Company as-is value is the value of the company without any restructuring or change.
The company’s optimum value is the value that can be achieved after the restructuring is done.
Internal restructuring: Find out redenancies, wastages, remove bottlenecks.
External Restructuring: Merger, demerger, acquisition, etc.
Financial restructuring: Writing down useless assets, debt restructuring etc.
Shareholder vs Stakeholder value
When we talk about the value of the company, they normally have two approaches, increase shareholder value or stakeholder value. Both approaches have their pros and cons. The shareholder value approach is easy to track, as you can look at the numbers and figure out if the shareholder value has increased. But at the same time, this approach can be myopic and focus on short-term goals.
The stakeholder value approach has a broader view, where it talks about customers, employees, society, shareholders, and other stakeholders. The problem here it is hard to track as there is no direct way to track it. For example, giving better discounts and better salaries might help me keep my customers and employees happy, but might add to losses.
Measuring shareholder wealth creation
Market Value Addition or MVA is an important aspect to understand shareholder value. For example, there are two companies, A and B, both with a market cap of say 1000 crore. But the network of company A is 500 crore and company B is 250 crore. We can see MVA for company A is 500 crore whereas company B is 250 crores. In other words, the market view potential for growth in company B.
Corporate restructuring includes acquisitions, demergers, joint ventures, etc. For example, buying Corus helped Tata steel to jump from 55th ranked in steel revenue worldwide to 5th rank.
Corprate restructuring can be done by
Expansion: Absorption, Tender Offer, Asset acquisition, Joint venture, etc.
Contraction: Demerger – Spin off, split off, split up, Equity carve out etc.
Corporate Control: Going private, Equity buyback, leveraged buyout, etc.
Corporates can unlock value by demergers. Studies report that the observed value of the diversified firm is, on average, 15 percent less than the sum of the implied market value of its divisions, as compared to stand-alone market values of single-segment firms in those industries.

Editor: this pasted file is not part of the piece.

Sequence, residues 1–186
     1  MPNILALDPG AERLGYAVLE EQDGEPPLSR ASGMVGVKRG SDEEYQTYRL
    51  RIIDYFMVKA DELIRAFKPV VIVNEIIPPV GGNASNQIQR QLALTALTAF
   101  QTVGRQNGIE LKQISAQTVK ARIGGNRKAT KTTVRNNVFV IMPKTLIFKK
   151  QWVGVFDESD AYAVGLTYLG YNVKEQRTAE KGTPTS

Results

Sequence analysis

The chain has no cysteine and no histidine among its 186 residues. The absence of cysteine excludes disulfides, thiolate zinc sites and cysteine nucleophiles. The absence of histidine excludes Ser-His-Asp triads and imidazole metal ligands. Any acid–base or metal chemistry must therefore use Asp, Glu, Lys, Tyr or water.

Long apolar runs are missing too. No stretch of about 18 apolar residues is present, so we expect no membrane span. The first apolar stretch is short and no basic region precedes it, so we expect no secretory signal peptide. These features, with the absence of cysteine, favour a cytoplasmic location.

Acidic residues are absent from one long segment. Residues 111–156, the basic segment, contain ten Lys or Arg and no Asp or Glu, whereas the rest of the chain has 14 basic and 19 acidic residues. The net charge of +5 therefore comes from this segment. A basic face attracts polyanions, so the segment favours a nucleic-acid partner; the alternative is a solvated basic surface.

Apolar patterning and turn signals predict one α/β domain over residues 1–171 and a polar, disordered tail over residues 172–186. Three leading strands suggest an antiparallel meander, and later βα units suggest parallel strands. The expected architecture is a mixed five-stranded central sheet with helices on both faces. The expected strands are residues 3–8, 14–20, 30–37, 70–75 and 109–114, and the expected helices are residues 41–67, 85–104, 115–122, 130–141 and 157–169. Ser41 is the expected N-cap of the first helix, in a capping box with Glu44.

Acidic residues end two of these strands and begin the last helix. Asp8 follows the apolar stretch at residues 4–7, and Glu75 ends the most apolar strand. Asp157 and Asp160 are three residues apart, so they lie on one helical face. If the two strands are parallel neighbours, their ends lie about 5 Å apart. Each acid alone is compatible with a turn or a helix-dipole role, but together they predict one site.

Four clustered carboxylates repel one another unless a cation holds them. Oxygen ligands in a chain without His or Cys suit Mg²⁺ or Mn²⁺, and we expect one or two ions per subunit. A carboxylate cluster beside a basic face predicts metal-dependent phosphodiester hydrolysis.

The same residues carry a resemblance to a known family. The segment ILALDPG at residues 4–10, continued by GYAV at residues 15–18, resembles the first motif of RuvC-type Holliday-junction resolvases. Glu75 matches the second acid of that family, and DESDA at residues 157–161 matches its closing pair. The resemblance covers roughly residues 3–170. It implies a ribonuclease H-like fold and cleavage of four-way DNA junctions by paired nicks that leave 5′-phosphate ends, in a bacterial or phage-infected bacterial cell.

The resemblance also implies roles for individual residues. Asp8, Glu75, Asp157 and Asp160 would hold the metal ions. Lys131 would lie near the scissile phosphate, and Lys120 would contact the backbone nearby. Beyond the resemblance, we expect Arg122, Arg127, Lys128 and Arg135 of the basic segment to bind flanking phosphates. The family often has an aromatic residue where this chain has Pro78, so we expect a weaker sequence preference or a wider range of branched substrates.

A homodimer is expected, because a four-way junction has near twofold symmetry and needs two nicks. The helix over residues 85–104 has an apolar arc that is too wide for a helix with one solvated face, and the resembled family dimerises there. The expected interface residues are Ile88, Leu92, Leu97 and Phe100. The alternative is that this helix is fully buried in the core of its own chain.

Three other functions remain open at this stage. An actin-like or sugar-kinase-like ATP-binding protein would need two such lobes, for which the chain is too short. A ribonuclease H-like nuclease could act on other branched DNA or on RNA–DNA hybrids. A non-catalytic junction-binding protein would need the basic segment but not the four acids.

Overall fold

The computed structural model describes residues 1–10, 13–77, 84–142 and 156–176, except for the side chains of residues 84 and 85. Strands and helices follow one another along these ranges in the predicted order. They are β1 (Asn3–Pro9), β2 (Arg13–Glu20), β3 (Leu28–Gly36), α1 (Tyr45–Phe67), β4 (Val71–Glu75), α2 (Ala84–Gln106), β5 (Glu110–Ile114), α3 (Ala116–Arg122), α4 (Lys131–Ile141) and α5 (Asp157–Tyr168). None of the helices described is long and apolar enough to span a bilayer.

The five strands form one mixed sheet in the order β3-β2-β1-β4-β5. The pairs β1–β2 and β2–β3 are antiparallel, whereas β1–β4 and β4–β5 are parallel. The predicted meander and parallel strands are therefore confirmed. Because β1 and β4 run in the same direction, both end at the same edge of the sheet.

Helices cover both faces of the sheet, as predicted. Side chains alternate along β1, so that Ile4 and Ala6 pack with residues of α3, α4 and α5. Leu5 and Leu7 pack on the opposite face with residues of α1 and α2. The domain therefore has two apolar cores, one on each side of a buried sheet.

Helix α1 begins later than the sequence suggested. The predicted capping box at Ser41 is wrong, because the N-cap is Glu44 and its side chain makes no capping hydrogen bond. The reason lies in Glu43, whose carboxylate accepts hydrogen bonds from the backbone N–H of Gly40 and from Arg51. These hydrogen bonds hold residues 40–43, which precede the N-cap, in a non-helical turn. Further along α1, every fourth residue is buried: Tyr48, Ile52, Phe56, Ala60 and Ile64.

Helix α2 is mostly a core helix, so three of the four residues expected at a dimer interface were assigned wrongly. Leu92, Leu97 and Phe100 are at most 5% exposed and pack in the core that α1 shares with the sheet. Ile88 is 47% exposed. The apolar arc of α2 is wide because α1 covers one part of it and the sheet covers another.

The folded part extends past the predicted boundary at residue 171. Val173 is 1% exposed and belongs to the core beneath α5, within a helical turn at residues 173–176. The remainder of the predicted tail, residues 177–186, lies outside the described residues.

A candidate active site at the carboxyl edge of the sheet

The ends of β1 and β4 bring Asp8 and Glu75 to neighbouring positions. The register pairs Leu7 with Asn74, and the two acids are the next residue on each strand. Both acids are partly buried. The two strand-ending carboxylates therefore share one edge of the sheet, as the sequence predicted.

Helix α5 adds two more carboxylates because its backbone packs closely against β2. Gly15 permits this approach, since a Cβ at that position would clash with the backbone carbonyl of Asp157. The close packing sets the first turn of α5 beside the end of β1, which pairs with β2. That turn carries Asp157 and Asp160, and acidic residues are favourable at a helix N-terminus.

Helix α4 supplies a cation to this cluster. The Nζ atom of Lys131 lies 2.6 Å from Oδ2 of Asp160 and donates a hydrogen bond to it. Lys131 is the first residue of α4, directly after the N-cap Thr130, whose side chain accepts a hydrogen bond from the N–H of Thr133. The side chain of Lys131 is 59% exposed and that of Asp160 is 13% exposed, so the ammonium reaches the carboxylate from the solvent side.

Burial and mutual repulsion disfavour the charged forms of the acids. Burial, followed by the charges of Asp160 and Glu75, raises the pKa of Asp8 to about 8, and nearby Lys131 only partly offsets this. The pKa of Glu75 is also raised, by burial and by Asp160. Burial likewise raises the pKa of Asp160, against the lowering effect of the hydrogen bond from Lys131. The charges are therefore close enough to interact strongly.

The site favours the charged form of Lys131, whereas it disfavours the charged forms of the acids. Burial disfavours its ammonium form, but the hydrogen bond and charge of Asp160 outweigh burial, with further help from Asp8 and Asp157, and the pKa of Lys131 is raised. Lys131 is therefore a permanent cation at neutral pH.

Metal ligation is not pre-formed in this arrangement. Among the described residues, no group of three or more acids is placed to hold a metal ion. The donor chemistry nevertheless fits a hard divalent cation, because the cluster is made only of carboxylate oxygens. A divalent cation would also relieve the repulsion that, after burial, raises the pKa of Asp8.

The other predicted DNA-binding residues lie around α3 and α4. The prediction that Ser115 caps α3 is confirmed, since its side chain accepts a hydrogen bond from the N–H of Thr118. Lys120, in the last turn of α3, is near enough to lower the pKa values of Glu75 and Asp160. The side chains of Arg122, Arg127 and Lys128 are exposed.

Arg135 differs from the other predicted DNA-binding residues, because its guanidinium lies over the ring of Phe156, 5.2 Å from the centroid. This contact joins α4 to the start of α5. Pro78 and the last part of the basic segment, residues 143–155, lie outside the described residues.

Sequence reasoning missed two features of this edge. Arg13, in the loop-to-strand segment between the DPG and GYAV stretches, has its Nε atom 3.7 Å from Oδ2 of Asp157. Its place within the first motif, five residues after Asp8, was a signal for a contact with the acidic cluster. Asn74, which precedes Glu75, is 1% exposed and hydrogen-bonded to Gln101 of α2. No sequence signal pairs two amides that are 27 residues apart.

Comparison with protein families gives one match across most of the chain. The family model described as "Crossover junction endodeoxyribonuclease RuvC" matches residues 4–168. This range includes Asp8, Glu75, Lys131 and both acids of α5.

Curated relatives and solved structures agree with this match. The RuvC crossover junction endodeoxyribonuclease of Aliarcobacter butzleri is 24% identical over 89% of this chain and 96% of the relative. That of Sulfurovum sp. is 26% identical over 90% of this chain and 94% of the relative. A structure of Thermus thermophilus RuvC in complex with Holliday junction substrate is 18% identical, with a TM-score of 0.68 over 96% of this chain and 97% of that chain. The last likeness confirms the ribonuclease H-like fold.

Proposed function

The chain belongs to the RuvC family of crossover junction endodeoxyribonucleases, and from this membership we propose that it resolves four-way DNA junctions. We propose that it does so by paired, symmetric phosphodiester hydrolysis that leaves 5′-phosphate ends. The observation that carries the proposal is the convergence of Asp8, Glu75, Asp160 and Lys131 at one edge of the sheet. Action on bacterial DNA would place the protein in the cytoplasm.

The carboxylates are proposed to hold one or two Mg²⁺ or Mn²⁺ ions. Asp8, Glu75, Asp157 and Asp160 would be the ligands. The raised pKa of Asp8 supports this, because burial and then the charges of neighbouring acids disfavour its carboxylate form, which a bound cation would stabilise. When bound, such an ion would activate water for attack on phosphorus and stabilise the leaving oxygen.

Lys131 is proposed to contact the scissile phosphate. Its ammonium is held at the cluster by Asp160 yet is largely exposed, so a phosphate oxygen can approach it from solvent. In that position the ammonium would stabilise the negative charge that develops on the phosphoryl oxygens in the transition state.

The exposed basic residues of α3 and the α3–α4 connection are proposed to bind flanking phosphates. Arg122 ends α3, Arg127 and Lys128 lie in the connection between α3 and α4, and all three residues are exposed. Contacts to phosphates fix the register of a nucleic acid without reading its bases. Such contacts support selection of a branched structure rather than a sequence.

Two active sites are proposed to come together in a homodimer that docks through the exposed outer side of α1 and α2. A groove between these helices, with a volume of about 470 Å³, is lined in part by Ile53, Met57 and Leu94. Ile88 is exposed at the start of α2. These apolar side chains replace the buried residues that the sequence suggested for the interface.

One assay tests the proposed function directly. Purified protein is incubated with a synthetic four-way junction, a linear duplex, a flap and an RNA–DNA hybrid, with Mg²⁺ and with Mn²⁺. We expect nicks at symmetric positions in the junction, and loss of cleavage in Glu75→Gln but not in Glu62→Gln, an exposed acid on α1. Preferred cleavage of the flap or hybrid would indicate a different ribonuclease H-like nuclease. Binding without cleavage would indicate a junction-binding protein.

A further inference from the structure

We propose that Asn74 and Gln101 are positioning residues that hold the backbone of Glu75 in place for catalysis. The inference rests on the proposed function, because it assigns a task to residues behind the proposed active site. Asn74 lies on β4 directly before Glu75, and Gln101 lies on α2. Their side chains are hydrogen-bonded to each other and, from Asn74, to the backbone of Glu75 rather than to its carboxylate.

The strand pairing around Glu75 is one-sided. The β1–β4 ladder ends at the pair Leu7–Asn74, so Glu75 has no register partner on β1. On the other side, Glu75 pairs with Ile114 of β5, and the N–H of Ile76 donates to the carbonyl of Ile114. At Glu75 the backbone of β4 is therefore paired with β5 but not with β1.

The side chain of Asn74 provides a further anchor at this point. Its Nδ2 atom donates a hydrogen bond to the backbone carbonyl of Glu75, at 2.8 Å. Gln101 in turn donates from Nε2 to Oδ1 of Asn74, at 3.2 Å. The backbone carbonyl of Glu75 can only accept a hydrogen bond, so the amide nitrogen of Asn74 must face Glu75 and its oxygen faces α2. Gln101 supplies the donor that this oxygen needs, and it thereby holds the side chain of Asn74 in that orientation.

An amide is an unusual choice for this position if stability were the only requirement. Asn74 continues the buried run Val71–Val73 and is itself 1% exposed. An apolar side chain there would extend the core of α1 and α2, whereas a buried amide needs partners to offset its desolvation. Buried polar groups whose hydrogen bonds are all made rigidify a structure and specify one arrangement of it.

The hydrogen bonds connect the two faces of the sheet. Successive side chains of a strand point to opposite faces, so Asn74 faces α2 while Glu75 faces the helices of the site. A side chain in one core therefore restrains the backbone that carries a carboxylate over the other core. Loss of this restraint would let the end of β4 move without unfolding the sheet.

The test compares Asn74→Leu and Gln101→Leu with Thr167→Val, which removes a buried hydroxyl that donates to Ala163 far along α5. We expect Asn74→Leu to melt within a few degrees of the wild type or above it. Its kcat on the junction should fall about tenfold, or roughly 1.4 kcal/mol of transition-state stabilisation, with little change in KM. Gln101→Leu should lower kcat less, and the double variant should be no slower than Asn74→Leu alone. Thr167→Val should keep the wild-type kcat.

Factors behind diversification discount
Information hypothesis: the inability of markets to correctly evaluate conglomerate structures with unrelated businesses, leading to possible undervaluation.
Inefficient Management hypothesis: the inability of the managers to efficiently manage unrelated businesses.
Inefficient investment hypothesis: distortion of investment due to competition among units for resources.
Modes of asset disposition
Slump sale: Slump sale means the transfer of one or more undertakings as a result of the sale for a lump sum consideration. For example, Ruchi Soya buying biscuit business from Patanjali Natural Biscuits Pvt Ltd (PNBPL) for 60 crores.
Spin-Off: A spinoff is the creation of an independent company through the sale or distribution of new shares of an existing business or division of a parent company. When a new company B is carved out of company A, mostly shareholders of company A will get some proportional shares of company B.
Spin-Off helps in
- Unlocking hidden value: establish a public market valuation for undervalued assets.
- Undiversification: divest non-core business and sharpen strategic focus
- Institutional sponsorship: Promote equity research coverage
- Public currency: the public currency for acquisition and stock-based compensation programs
- Motivating Management
- Eliminating dis-synergies
- Corporate Defence: Divest “crown jewel” asset to make the takeover of parent company less attractive.
Challenges in spin-off: There are certain aspects that need to be managed, for example, if the parent company has debt, how this debt will be divided between parent and spin-off company. The lenders need to agree on the arrangement.
Split-Off: In a split-off, the parent company offers its shareholders the opportunity to exchange their parent-co shares. For example, a big shareholder can give up shares in the parent company to gain controlling stakes in the new company.
Split-up: Division of a company into two or more publically traded companies. The difference here is that instead of the parent company and spun-off company, we have completely new companies into existence.
Equity Carve-out: Also known as IPO carve-out, the parent company sells a portion or all of its interests in a subsidiary to the public in an initial public offering.
Cleaning up a balance sheet: writing off losses, writing down useless assets, can be done through asset restructuring and recapitalization.
- Strategy-Driven: Restructure debt by lowering the interest rates.
- Crisis-Driven: When a company defaults, the company is forced to restructure debt.
- Special dividend: One-time dividend
- Share buyback: reduces the shareholder base. As a regulatory requirement, the debt-equity ratio should be 2:1, after the buyback. Buyback can happen through the open markets, tender offers, and buyback from employees.
- Stock Splits: helps with liquidity
- Bonus Shares: When the company is growing fast but does not want to distribute cash in form of a dividend, a bonus share will help reward the shareholders.